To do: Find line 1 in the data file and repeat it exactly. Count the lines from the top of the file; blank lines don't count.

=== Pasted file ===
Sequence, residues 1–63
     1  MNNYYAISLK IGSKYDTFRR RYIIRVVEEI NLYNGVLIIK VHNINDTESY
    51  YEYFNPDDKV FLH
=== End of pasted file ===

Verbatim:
Sequence, residues 1–63